More U.S. cities now smoke-free in bars and restaurants -CDC
ATLANTA Nov 15 (Reuters) - Thirty of the 50 largest U.S. cities are now covered by state or local laws banning smoking in workplaces, restaurants and bars - a dramatic increase over the last dozen years, the Centers for Disease Control and Prevention said on Thursday.
In 2000, only one of the nation's 50 largest cities, San Jose, California, had comprehensive smoking restrictions, the federal health agency said.
The large number of additional smoking prohibitions is "unexpectedly good news, said Tim McAfee, director of the CDC's Office on Smoking and Health.
Smoking restrictions reduce exposure to second-hand smoke, a cause of heart attacks and lung cancer in non-smokers, the CDC said. Each year, about 50,000 non-smokers die from second-hand smoke exposure, the agency said.
The study is proof that the American culture is rapidly changing on smoking bans, McAfee said.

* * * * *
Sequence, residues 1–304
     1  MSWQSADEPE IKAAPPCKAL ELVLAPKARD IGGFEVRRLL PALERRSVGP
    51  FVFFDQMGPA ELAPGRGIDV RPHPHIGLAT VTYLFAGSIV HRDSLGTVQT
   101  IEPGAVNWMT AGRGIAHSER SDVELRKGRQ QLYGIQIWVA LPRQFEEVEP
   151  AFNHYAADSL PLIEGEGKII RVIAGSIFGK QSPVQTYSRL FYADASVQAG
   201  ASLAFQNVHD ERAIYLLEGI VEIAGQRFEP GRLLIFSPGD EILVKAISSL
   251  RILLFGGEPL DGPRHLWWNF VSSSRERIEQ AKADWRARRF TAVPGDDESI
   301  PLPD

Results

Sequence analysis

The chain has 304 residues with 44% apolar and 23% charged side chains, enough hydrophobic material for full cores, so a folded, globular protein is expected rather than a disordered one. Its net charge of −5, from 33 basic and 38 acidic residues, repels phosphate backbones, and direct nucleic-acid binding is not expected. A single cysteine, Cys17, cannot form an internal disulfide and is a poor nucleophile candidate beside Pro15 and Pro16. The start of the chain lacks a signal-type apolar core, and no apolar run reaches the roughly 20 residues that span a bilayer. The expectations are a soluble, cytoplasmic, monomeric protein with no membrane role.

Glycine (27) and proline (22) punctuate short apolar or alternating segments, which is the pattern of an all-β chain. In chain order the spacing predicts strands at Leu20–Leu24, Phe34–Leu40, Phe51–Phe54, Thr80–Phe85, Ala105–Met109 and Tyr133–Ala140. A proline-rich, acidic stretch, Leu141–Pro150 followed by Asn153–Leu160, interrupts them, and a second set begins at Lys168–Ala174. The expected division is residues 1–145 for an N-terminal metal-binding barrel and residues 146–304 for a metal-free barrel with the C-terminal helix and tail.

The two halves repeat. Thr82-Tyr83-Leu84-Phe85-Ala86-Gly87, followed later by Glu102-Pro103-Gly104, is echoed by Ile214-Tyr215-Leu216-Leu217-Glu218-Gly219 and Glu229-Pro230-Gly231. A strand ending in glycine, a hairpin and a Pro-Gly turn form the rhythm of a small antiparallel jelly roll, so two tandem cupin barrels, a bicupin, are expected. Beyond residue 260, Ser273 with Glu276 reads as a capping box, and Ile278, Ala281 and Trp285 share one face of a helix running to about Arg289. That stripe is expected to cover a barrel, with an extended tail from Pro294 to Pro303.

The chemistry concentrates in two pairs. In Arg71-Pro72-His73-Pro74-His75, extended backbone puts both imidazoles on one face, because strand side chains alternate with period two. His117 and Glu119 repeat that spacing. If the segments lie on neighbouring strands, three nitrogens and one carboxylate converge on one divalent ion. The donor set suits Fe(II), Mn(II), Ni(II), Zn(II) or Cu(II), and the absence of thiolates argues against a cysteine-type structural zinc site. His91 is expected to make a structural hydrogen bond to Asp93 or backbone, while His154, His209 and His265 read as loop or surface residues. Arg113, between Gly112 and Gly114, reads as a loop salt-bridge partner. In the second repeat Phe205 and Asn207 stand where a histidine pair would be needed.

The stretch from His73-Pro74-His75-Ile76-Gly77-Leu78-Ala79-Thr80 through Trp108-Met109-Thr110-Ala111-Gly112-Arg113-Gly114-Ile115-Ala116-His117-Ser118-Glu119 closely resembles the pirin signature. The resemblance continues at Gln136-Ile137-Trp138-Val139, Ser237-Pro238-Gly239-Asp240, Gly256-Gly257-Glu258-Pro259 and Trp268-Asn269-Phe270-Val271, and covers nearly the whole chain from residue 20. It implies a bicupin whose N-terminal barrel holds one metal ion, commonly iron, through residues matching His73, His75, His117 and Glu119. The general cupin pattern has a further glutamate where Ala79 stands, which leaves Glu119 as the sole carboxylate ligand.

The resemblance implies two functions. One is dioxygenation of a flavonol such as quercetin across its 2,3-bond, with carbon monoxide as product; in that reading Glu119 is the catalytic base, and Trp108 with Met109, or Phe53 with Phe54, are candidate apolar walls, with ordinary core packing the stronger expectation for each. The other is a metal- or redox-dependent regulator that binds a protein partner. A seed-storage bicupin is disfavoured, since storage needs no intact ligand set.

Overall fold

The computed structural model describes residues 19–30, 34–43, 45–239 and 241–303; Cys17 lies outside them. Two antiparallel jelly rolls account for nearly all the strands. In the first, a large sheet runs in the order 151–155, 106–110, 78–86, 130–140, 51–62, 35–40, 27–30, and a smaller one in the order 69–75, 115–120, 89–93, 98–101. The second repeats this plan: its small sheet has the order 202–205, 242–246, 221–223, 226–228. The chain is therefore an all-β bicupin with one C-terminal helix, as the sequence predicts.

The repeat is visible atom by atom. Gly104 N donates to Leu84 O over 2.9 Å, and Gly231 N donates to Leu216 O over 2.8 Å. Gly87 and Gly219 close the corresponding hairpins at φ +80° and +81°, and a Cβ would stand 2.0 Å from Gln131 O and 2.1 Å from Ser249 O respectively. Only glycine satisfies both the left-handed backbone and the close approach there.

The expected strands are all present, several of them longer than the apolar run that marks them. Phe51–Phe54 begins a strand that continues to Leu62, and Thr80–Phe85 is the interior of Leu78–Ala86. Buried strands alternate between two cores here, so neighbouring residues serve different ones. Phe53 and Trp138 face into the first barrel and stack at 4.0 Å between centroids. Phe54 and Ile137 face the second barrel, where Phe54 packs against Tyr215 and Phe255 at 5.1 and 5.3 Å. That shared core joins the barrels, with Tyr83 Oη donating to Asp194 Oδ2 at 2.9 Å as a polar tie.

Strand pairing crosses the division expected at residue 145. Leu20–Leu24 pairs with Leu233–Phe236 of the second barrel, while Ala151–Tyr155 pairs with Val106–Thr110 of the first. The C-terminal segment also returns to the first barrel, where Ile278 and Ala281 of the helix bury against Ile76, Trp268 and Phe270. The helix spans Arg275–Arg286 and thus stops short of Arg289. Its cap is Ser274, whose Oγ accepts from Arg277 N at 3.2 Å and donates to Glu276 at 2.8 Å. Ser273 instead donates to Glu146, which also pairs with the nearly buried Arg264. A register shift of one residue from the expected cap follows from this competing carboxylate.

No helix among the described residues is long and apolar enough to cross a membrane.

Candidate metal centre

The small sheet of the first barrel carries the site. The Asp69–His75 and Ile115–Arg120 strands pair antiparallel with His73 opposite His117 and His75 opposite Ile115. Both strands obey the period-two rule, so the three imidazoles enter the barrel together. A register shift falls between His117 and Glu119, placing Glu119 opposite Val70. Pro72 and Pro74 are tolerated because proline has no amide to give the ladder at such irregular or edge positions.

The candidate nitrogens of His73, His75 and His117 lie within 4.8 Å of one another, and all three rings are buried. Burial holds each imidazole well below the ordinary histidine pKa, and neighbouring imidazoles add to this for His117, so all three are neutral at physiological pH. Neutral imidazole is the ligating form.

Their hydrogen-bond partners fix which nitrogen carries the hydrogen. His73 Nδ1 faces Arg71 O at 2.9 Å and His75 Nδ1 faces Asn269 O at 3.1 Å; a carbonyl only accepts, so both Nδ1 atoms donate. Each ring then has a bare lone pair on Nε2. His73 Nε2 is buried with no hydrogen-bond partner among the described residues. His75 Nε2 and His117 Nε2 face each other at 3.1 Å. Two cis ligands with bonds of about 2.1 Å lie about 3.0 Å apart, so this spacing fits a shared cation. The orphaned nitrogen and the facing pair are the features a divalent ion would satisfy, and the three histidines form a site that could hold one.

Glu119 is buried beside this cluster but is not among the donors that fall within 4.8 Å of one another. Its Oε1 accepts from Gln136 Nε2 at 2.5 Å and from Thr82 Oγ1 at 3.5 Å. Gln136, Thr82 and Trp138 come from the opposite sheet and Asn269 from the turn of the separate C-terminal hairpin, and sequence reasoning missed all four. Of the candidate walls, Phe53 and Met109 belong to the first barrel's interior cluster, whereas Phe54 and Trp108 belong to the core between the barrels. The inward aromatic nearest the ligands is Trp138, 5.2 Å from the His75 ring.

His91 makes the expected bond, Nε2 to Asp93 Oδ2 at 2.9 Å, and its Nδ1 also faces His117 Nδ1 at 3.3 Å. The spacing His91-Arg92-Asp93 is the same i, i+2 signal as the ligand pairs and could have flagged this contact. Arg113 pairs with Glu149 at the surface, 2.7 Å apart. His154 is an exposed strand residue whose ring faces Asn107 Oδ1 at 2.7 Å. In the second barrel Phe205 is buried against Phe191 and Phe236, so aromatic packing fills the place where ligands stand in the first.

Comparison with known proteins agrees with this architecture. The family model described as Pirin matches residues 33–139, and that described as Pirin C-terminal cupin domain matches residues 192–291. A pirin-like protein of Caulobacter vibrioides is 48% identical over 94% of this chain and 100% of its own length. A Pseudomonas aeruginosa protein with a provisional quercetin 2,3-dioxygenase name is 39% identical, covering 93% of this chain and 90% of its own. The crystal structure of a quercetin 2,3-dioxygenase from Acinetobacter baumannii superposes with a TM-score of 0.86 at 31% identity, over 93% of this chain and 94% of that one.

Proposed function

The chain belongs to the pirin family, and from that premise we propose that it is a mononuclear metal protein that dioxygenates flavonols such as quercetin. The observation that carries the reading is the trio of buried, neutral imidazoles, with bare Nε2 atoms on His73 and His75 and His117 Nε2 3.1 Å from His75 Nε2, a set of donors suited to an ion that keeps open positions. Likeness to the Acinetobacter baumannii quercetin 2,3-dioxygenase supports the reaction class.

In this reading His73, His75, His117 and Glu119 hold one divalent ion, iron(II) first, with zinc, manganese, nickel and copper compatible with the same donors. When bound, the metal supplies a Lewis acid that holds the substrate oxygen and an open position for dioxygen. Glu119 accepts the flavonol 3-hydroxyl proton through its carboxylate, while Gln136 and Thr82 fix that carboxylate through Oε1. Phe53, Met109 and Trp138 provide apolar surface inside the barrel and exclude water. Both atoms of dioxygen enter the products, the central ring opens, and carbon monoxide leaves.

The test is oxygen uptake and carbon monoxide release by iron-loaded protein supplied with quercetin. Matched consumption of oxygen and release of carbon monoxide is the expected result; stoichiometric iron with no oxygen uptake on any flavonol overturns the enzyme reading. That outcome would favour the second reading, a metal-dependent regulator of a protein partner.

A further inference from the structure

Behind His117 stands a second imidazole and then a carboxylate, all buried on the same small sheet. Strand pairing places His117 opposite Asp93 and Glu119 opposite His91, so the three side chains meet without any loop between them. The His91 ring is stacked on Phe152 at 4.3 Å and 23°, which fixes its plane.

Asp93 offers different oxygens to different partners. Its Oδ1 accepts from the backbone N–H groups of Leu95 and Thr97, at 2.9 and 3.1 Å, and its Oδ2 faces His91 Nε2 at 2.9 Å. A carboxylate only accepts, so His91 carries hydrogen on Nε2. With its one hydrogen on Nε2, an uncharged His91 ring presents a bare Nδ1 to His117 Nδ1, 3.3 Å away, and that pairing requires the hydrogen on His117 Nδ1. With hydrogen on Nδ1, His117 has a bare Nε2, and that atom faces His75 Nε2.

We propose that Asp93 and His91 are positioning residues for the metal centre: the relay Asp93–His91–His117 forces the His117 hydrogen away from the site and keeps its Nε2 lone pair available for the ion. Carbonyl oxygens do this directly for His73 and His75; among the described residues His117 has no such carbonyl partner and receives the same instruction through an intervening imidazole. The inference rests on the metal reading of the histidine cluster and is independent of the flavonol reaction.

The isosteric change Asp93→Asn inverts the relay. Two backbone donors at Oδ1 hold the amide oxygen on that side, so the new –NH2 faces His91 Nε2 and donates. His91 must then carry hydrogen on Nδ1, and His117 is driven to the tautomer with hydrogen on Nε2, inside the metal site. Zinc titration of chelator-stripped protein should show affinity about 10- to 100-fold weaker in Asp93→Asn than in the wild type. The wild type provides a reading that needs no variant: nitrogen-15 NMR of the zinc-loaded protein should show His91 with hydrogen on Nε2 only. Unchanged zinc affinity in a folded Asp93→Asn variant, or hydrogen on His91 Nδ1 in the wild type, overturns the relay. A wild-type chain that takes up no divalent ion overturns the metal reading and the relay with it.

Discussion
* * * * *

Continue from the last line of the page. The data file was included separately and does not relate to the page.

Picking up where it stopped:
"It's certainly going to lower deaths related to second-hand smoke exposure," he told Reuters. "You don't want to have to worry no matter where you are that you're going to be exposed to second-hand smoke."
Smoking bans are expanding outside the nation's largest cities as well, the CDC found. The number of states with laws banning smoking in workplaces, restaurants and bars increased from zero in 2000 to 26 in 2010, the CDC said.
North Dakota became the 27th state to join the list when it approved a new law this month, the CDC said.
If the current rate continues, the entire country could be covered by comprehensive anti-smoking laws by 2020, McAfee said.
Half of the 20 largest U.S. cities that aren't covered by state or local comprehensive smoke-free laws are located in the South, including Nashville, Miami and Atlanta, the CDC study found.
"However, it's not like the South hasn't made any progress," McAfee said. "It just started further behind."
North Carolina, for instance, leads the nation in growing tobacco, but in 2009 passed legislation banning smoking in bars and restaurants, McAfee said.